Menopause is officially defined as a permanent cessation of menstruation when the ovary stops producing egg cells and female sex hormones (estrogens). Many women use the term menopause to define a time period before the cessation of menses whereby they experience a host of new and uncomfortable symptoms. This is often termed as perimenopause which is the time before menopause and the first year of amenorrhea. Physically, women experience hot flashes, a combination of feeling hot and sweating profusely. These symptoms are due mainly to decreasing levels of the female hormone, estrogen. Other symptoms include vaginal dryness, bladder problems, difficulty with intercourse, and increased risk of heart disease, stroke, and osteoporosis.
Studies remain mixed with respect to their stance on the association between menopause and psychiatric illness. The majority of researchers find that psychological symptoms occurring during the menopausal years are unrelated to the cessation of menses in and of itself. Instead, these researchers argue that life events that happen to occur typically in that part of a woman’s life cycle, such as being divorced, not having conceived children, and not having a suitable socioeconomic status that was expected for this late phase of life, are more responsible as triggers of psychiatric illness, such as depression. "Empty nest syndrome" is often a contributing factor. Also, mood disorders are more likely to occur in women experiencing menopause early due to surgical reasons. Women with a history of psychiatric illness often show a reappearance of their illness during this vulnerable time in their life cycle. Other studies do find an association between menopause and psychiatric symptoms such as depression, hypochondriasis and insomnia. In conclusion, there is no evidence supporting menopause as a cause of psychiatric illness.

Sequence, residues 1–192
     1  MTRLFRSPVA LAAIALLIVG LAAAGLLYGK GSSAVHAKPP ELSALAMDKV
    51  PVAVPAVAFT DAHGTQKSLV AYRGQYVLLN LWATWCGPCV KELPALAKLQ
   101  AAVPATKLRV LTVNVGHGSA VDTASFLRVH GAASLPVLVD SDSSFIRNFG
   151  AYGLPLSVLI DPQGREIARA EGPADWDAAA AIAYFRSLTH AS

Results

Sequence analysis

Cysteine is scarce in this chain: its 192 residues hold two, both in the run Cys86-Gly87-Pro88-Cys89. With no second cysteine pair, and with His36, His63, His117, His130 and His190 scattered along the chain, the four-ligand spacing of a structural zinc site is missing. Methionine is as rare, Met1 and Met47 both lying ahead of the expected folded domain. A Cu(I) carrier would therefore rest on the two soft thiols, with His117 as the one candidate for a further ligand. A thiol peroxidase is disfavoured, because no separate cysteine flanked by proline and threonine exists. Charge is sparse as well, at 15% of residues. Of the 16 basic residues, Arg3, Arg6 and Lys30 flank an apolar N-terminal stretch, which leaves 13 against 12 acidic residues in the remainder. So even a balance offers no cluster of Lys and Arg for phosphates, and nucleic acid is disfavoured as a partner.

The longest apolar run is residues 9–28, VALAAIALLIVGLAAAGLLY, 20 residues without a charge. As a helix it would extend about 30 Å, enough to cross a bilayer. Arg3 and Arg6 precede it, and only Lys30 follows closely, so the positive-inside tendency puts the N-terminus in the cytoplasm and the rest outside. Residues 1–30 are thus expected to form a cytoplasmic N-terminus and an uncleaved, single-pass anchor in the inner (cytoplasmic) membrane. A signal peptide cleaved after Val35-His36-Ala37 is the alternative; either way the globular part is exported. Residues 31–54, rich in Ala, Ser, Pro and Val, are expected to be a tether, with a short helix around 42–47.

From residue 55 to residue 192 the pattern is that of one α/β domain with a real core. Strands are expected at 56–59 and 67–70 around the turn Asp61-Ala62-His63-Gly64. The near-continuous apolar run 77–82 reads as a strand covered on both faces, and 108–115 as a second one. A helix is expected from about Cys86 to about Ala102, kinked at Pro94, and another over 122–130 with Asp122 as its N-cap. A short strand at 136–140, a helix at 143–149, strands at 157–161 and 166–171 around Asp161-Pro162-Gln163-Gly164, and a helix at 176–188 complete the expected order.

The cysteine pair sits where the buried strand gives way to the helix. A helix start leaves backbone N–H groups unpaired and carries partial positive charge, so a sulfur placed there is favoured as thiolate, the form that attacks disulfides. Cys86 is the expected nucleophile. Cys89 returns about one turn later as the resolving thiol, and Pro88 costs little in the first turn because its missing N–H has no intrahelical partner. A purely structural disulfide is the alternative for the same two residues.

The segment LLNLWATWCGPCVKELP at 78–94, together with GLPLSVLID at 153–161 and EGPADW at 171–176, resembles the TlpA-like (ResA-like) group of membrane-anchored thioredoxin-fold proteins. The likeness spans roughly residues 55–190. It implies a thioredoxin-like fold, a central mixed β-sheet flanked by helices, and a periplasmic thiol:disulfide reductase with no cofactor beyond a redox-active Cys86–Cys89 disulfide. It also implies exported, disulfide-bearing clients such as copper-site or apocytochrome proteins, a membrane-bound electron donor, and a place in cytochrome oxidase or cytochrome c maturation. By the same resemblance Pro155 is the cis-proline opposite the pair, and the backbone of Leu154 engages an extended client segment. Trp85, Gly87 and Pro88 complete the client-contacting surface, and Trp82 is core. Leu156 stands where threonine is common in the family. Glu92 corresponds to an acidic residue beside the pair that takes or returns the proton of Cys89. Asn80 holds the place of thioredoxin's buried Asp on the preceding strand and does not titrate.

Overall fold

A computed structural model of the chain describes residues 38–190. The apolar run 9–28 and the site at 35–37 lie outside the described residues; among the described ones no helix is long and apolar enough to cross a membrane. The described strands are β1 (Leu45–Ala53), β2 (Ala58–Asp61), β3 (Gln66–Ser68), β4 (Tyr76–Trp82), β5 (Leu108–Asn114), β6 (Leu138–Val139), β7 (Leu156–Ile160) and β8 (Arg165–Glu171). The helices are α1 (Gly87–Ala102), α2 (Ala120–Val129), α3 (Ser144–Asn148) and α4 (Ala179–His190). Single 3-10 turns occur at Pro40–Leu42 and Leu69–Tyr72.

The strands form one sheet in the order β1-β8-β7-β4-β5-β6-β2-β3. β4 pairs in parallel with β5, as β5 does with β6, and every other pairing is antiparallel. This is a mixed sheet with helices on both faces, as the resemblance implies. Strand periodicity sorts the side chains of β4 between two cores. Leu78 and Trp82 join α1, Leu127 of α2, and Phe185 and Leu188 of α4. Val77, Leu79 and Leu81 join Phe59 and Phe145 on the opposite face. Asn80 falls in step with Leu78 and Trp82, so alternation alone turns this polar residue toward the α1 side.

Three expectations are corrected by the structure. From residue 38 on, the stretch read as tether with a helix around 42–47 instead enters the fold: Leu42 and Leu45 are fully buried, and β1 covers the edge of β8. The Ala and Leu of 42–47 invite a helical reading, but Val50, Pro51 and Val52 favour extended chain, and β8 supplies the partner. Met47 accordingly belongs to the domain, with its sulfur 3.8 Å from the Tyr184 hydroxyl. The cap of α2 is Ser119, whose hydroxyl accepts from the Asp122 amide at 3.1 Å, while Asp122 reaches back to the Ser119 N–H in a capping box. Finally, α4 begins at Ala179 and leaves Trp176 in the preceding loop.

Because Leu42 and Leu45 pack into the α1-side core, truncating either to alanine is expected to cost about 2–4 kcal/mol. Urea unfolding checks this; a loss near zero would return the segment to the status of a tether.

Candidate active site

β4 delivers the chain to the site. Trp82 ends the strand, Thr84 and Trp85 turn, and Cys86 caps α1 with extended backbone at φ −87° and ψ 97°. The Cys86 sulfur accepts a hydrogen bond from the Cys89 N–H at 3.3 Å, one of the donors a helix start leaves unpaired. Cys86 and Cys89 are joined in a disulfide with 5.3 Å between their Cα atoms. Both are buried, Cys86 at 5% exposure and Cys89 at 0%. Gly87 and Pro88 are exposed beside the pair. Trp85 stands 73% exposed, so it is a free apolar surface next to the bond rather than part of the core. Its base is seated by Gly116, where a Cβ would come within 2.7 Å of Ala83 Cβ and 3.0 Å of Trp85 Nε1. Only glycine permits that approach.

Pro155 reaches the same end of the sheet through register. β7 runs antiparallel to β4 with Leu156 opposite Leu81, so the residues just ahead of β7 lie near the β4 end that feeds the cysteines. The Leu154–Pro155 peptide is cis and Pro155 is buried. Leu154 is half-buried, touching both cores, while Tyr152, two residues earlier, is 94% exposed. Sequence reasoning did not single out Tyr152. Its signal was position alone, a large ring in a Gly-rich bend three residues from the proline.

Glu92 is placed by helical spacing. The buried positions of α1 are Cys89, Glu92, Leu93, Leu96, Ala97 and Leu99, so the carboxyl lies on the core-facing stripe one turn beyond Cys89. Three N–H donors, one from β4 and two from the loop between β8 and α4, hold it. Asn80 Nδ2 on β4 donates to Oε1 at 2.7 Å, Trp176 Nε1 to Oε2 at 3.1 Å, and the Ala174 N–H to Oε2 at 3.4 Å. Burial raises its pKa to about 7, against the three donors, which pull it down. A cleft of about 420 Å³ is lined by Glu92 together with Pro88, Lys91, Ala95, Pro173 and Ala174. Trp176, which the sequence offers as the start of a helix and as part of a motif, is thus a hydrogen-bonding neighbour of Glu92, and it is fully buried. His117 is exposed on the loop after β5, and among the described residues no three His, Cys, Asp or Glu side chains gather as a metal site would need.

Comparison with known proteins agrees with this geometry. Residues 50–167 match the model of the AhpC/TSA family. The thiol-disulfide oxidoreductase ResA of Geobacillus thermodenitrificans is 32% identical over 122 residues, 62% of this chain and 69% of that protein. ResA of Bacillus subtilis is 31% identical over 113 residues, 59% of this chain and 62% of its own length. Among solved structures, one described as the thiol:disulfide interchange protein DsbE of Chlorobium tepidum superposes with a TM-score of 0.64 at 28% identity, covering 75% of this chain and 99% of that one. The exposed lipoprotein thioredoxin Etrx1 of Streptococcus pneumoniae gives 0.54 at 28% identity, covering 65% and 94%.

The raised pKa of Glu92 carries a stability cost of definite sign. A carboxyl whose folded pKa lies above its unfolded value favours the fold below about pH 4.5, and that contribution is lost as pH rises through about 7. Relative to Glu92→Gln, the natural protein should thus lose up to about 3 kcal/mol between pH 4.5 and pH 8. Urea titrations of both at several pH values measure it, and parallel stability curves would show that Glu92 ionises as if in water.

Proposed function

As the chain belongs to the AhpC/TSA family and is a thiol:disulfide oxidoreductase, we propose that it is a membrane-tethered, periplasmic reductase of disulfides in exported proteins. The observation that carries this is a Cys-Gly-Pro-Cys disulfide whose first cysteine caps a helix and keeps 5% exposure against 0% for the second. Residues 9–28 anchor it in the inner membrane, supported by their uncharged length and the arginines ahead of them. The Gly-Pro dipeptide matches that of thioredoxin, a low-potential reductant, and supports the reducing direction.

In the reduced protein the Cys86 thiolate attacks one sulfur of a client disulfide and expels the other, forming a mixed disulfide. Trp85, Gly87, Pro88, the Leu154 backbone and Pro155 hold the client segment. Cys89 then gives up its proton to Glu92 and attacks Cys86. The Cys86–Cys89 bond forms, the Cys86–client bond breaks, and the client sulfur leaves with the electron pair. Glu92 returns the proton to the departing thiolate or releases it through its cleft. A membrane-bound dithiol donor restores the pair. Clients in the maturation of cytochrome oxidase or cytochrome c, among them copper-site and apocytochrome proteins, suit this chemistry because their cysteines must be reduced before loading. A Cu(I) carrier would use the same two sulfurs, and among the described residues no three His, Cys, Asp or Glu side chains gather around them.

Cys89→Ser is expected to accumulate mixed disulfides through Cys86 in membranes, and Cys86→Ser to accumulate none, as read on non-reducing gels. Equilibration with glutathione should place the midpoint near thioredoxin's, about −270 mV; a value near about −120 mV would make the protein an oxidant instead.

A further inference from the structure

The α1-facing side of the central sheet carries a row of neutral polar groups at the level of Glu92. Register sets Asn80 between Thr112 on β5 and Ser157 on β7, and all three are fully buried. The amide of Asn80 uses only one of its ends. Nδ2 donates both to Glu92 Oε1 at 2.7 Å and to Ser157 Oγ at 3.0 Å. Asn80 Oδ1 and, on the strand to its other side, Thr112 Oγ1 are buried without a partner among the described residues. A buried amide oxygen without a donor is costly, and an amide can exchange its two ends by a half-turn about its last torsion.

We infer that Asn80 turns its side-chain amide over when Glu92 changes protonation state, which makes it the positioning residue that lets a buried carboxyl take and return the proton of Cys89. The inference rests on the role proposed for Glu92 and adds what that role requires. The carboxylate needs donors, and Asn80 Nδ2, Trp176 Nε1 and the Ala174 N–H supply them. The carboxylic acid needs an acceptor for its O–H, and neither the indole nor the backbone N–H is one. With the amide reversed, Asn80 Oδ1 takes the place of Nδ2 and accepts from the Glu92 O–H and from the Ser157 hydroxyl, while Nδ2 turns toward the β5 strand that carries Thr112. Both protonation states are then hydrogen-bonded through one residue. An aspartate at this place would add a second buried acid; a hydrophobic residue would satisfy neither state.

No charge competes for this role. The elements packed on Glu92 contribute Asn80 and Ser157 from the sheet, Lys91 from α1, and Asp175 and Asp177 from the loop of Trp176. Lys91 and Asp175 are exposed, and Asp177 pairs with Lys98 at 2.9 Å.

Treatment intervention during the menopausal years depends on the extent to which physical and psychological symptoms manifest themselves. Treatment is often similar to treatment of psychiatric illness in the woman experiencing pre-menstrual syndrome. Individual and supportive psychotherapy, as well as group, family and marital therapy is often warranted for a menopausal woman who is in a new life transition. Hormone replacement therapy is prescribed to treat the vasomotor symptoms, atrophy of the genital mucosa and to prevent the worsening of osteoporosis. Psychologically, estrogen-replacement therapy may ameliorate some symptoms by improving a woman’s sense of well-being. In women with depressive illness during menopause, a course of SSRI’s is an effective treatment intervention. Currently, research is being conducted in the area of combining hormone replacement therapy with antidepressants in the treatment of depression experienced during menopause.